A2J Lab “Behind the Experiment”: Dane County Part I

Last week, we marked the launch of our PSA RCT in Dane County, Wisconsin. Starting today, I will be pulling back the field experiment curtain, as it were, and introducing some of the A2J Lab’s field partners. These Dane County employees have worked tirelessly for almost two years to make the PSA’s implementation and our concurrent evaluation possible.

Ready, Set, Launch

Research Director Chris Griffin blogs from Wisconsin:

The day has finally arrived!

At this afternoon’s initial appearance court in Dane County, WI, the A2J Lab begins its evaluation of the Public Safety Assessment (“PSA”). Criminal process in this jurisdiction now includes additional, scientifically based information in a randomly selected subset of cases to inform pre-disposition release decisions. The judicial official–known here as a Commissioner–receives risk scores and a recommendation for release through the PSA and its static criminal history inputs to consider in reaching those decisions. Check out this video starring Lab affiliate Heidi Liu and yours truly to learn more about the science behind this RCT:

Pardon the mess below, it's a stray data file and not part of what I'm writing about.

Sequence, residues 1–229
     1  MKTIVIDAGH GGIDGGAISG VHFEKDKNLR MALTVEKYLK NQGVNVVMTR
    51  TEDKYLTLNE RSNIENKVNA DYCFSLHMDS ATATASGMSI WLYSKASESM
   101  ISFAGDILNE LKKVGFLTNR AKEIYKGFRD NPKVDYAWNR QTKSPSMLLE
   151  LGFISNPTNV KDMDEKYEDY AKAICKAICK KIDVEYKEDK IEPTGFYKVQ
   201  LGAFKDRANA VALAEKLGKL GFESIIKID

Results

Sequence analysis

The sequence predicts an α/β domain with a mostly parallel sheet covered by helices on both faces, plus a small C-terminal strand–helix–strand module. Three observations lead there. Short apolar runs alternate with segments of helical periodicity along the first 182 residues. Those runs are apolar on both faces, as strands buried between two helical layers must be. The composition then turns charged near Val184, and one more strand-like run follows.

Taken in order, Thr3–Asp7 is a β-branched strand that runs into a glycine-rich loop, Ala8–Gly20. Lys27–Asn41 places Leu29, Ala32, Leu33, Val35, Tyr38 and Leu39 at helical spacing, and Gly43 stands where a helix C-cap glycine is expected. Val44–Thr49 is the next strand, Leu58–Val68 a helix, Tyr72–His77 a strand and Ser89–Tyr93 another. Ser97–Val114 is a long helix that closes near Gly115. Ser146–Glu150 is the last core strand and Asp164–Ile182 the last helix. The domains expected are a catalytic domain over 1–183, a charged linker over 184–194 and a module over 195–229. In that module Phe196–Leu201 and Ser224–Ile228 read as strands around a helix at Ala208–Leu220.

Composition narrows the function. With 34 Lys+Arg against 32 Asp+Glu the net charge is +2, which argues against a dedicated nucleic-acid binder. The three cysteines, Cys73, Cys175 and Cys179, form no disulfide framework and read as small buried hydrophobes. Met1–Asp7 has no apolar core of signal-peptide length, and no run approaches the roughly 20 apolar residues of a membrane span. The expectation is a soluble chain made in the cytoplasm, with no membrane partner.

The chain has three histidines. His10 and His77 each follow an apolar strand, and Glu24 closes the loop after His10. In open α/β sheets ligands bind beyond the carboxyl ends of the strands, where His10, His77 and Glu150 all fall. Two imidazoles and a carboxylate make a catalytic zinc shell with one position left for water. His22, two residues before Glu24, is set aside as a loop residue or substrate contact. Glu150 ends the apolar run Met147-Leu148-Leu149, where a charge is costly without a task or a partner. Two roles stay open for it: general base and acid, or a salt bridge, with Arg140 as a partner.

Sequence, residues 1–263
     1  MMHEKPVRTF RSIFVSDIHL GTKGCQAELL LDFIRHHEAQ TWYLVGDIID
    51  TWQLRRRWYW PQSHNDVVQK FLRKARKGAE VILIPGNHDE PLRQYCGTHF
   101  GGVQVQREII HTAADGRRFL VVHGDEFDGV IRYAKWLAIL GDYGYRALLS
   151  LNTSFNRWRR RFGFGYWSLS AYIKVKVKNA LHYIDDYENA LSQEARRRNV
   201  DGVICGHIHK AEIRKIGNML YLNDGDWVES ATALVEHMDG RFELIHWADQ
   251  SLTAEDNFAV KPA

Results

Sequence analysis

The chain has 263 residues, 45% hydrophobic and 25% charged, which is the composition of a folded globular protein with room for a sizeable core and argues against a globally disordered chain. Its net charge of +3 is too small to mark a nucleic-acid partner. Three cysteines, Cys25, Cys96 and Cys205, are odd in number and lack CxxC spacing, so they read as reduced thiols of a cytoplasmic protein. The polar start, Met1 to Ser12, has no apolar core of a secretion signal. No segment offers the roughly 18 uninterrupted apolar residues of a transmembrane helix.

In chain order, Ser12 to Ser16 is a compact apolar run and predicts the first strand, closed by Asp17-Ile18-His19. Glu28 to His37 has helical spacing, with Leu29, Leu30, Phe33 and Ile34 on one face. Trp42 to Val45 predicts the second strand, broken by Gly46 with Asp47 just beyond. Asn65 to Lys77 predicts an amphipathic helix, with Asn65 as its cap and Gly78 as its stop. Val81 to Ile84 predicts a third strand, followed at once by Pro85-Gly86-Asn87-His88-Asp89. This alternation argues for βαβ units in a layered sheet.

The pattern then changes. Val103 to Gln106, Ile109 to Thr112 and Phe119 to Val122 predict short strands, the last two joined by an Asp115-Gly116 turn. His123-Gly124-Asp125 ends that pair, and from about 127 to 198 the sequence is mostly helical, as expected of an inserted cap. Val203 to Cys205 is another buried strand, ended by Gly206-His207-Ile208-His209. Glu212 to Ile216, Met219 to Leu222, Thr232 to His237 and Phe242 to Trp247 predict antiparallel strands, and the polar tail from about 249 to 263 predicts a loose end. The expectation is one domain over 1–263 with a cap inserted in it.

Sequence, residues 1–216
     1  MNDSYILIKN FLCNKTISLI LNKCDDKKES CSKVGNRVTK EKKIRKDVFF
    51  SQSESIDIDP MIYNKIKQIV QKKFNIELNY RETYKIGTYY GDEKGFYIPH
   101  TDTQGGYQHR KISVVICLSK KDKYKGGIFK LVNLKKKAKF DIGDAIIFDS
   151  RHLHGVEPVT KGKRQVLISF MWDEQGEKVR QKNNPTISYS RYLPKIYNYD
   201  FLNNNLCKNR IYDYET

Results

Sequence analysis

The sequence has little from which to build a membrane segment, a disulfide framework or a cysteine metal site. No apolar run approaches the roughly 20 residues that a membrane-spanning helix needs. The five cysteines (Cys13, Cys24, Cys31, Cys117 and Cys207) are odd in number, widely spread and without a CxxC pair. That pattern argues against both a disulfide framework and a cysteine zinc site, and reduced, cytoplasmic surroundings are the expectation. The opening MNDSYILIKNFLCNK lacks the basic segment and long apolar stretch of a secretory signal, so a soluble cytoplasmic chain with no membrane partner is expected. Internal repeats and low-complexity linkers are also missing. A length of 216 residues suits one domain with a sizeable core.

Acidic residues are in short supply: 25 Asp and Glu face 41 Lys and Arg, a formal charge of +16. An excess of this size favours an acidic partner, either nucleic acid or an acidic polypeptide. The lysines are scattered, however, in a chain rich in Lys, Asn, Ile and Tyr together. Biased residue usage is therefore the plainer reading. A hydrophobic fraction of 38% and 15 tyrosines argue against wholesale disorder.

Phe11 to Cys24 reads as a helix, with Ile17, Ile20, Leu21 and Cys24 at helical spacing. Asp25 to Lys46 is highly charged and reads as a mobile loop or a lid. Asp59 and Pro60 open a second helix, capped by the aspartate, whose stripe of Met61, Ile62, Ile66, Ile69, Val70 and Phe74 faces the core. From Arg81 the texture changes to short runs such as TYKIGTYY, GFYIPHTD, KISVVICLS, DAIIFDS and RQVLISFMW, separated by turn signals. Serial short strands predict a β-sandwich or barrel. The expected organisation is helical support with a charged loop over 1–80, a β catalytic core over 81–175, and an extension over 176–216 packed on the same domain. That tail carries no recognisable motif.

On Your Mark, Get Set, Triage

Part 2 of “To Triage of Not to Triage? That is NOT the Question.”

Last week I took another dive into the world of triage- specifically focusing on some common questions and sticking points that were raised in RadioLab podcast entitled “Playing God.” As was mentioned in the previous blog post, we don’t think triage is really about playing god, rather about facing limited resources and making decisions. Last week we talked mostly about the value implications of such discussions of who lives and who dies. This week we’ll touch upon two other points. First, the reaction to not want to make triage decisions, and the second is the multitude of ways to triage and therefore the importance of RCTs in knowing which way is best in a given situation.

“To Triage or Not to Triage?” That is NOT the Question

Part 1

The Radiolab podcast from WNYC Studios is as close to appointment listening as we have in 2016. One of the show’s recent episodes, entitled “Playing God,” takes up a topic directly in the A2J Lab’s wheelhouse: triage. In a stark bit of commentary, the host characterizes the practice not as deciding how to allocate scarce resources; rather he described it as an “inhuman act which humans are trying to do.”

Fear and Loathing over Risk Assessments Part 2

How Should We Think about Racial Disparities?